The Best of GRReporter
flag_bg flag_gr flag_gb

Greek salad trademark

25 August 2010 / 15:08:30  GRReporter
4087 reads

Would the Greek salad be declared cultural heritage under the protection of UΝΕSCΟ? This can happen in the nearest future if the Mediterranean diet is voted to enter the list of intangible cultural heritage, which already includes customs, types of traditional arts and festivals worldwide.

Greece, Italy, Morocco and Spain suggested a year ago the Mediterranean diet to be recognized as a world cultural heritage. The members of UΝΕSCΟ will decide the fate of the Greek salad at a meeting in Nairobi in November. The Italian Minister of Agriculture Giancarlo Galan expressed his conviction that the UN cultural body will approve the proposal that these four countries made four years ago but it was rejected then.

According to Galan the Mediterranean diet is based on “knowledge handed down from generation to generation” and “it is the only thing of its kind in the world that deserves to be preserved”. And this time special emphasis is laid upon this traditional dimension to persuade the commission.

The term Mediterranean diet was introduced in the 1950s by the American Ancel Keys who meant a diet rich in fruits, vegetables, olive oil and almost no meat and sugar. In 1990s the Faculty of Public Health at the Harvard University explained the concept as “dietary habits typical of Crete, for the greater part of Greece and southern Italy in the early 1960.” This kind of diet reduces risk of heart and other health problems.
 
But has the Mediterranean diet something in common with the food available nowadays in the Mediterranean countries, asks an article in Vima newspaper. This type of diet includes the Greek salad, Italian Caprese with mozzarella and tomatoes, pasta dishes, Moroccan tagine, Spanish paella and dozens of other hors d'oeuvres.
 
Declaring the Mediterranean diet a cultural heritage will serve to advertise the products of those countries that produce olive oil and fruits. The French President Nicolas Sarkozy launched recently a similar campaign for official recognition of the French cuisine.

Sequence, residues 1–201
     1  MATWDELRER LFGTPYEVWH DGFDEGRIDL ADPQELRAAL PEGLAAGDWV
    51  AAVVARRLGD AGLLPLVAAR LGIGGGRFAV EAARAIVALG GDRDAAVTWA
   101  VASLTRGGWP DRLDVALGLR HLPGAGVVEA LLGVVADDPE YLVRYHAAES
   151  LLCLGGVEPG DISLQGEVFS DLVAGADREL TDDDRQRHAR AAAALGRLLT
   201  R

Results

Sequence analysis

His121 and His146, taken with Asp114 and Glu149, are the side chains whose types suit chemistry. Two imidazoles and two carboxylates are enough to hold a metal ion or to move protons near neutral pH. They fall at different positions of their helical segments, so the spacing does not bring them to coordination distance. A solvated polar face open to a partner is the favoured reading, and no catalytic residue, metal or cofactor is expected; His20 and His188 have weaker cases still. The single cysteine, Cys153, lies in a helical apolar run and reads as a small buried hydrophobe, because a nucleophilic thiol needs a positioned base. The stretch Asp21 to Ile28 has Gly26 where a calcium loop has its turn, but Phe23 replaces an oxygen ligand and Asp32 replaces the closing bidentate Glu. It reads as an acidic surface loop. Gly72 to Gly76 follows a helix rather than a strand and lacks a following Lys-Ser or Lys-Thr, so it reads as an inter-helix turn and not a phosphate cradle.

The antithesis against the proposal for declaring the Mediterranean cuisine as special is evident in the statement of Tim Hayword in the British newspaper The Guardian: “Supporting the idealised diet of a poorly defined area which happens to be fashionable with the health police does nothing at all to add to the richness of our shared heritage.”

The list of the Intangible Cultural Heritage was launched two years ago and includes 178 “cultural experiences” none of them in Greece. This list should not be confused with the list of material cultural heritage, in which monuments in Athens such as the Acropolis and the Rice Terraces in the Philippines are listed.

 

Tags: NewsGreek saladMediterranean dietCuisineUNESCOCultural heritage
SUPPORT US!
GRReporter’s content is brought to you for free 7 days a week by a team of highly professional journalists, translators, photographers, operators, software developers, designers. If you like and follow our work, consider whether you could support us financially with an amount at your choice.
Subscription
You can support us only once as well.
blog comments powered by Disqus